After which, you, the landlord, must move to court and file for eviction. If they still fail to pay or move out after the 3 days, the court will then make the appropriate ruling. If a landlord fails to serve the tenant proper notice, the court will likely rule in the tenant's favor.
It is your right to collect a security deposit from your tenants. California landlord-tenant laws do cover the specifications of collecting a maximum security deposit. So, a landlord must adhere to them when considering everything to do with the security deposits, from their collection and storage to returning them. Failure to adhere to the California security deposit laws can result in legal actions being taken against you.
California is subject to statewide rent control ordinances as outlined in AB 1483 of the Tenant Protection Act. Local real estate law limits your ability to raise rent based on inflation and established jurisdictions for rent control legislation.
A California tenant can withhold rent or pay rent late for certain legal reasons like a discrimination claim. Local rent control laws also protect tenants from sudden rent increases without proper notification.
California tenancy laws are designed to protect everyone. So, discrimination in California over-protected characteristics like race, color, sex, or disability is expressly forbidden.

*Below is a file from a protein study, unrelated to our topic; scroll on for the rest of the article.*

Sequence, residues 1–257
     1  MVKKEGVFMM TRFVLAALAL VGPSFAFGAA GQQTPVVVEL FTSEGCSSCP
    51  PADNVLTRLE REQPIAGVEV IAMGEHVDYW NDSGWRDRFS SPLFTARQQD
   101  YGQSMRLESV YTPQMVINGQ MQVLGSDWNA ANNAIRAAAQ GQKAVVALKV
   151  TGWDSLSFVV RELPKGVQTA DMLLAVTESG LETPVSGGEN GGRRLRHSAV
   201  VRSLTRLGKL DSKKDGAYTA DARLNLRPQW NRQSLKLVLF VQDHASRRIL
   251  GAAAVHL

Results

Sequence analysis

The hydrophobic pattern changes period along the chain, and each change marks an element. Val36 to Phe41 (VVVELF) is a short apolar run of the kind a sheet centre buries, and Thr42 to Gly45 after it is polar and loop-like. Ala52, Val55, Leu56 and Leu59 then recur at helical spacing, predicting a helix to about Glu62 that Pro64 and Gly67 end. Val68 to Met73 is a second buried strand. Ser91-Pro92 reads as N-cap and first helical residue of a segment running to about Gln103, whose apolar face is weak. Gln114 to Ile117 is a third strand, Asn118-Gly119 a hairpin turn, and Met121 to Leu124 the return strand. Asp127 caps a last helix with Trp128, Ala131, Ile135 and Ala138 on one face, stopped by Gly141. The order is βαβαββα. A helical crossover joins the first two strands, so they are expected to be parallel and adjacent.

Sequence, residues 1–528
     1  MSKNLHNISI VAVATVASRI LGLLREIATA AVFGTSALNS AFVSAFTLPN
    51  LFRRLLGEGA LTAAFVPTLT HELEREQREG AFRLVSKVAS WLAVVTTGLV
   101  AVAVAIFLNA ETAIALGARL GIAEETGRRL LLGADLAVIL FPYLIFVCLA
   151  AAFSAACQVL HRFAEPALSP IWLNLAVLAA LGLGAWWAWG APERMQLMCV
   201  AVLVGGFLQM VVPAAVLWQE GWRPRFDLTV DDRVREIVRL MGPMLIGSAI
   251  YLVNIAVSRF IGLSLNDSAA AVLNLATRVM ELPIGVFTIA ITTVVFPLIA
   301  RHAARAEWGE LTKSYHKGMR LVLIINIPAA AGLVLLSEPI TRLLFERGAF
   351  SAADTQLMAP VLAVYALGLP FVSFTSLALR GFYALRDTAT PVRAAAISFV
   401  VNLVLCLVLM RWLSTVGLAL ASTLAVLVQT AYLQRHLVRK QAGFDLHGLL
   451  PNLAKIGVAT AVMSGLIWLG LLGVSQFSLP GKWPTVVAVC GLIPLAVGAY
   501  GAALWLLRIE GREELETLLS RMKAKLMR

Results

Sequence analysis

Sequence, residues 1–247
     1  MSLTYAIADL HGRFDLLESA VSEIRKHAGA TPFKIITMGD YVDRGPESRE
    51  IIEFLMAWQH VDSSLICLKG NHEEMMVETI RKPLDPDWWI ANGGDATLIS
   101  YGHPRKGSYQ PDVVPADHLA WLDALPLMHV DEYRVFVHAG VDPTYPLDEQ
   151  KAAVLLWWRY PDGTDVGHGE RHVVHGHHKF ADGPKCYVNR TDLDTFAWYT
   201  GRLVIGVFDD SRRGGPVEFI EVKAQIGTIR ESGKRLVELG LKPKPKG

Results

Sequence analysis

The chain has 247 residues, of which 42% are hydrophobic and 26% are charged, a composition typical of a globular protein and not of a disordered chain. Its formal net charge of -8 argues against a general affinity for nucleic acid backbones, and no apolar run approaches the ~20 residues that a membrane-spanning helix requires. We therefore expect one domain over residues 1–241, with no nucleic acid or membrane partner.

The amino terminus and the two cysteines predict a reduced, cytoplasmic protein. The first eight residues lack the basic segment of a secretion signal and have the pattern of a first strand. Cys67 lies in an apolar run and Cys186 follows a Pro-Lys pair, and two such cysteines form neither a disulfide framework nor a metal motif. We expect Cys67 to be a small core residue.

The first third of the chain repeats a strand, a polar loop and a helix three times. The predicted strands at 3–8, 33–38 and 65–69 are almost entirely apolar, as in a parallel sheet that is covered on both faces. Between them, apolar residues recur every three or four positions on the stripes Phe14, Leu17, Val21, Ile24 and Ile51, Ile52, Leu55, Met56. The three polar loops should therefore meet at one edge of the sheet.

Meaning, that landlords cannot discriminate against specific protected characteristics when picking a California tenant for their rental property.
Small Claims Courts
In California, a landlord can only file a lawsuit amounting to not more than $10,000. The statute of limitations for both oral and written contracts in the state is 4- and 2 years, respectively.
Understanding landlord-tenant laws in California is imperative for any landlord or tenant looking to invest or live in California. Both landlords and tenants must understand and adhere to their specific roles and responsibilities within the lease agreement. You also need to stay informed of regulations pertaining to security deposits, landlord-tenant rights, early termination clause stipulations, anti-discrimination policies, and more.
Understanding these landlord-tenant laws can be tricky, so we at the Mike Dunfee Group are available to you if you need help with your property management. So, contact us today!
Disclosure: This is not intended to be legal advice. Don’t use this blog as a substitute for professional legal advice. Laws change and we are not attorneys. Get in touch with us if you need real estate advice or help in the management of your property. Otherwise, please seek legal advice from a qualified attorney.